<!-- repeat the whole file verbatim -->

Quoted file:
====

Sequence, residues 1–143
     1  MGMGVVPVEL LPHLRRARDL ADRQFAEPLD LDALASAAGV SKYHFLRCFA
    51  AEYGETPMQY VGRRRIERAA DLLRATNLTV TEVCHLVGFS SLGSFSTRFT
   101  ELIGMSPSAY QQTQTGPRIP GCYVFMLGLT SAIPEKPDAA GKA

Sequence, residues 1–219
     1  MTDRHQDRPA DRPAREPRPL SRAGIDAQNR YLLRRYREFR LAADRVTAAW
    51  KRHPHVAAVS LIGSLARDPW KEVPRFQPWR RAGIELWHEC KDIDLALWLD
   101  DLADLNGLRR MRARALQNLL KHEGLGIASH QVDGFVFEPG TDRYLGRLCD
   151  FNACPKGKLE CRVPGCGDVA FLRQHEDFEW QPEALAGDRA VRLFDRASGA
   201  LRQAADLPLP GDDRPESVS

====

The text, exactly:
Sequence, residues 1–143
     1  MGMGVVPVEL LPHLRRARDL ADRQFAEPLD LDALASAAGV SKYHFLRCFA
    51  AEYGETPMQY VGRRRIERAA DLLRATNLTV TEVCHLVGFS SLGSFSTRFT
   101  ELIGMSPSAY QQTQTGPRIP GCYVFMLGLT SAIPEKPDAA GKA

Sequence, residues 1–219
     1  MTDRHQDRPA DRPAREPRPL SRAGIDAQNR YLLRRYREFR LAADRVTAAW
    51  KRHPHVAAVS LIGSLARDPW KEVPRFQPWR RAGIELWHEC KDIDLALWLD
   101  DLADLNGLRR MRARALQNLL KHEGLGIASH QVDGFVFEPG TDRYLGRLCD
   151  FNACPKGKLE CRVPGCGDVA FLRQHEDFEW QPEALAGDRA VRLFDRASGA
   201  LRQAADLPLP GDDRPESVS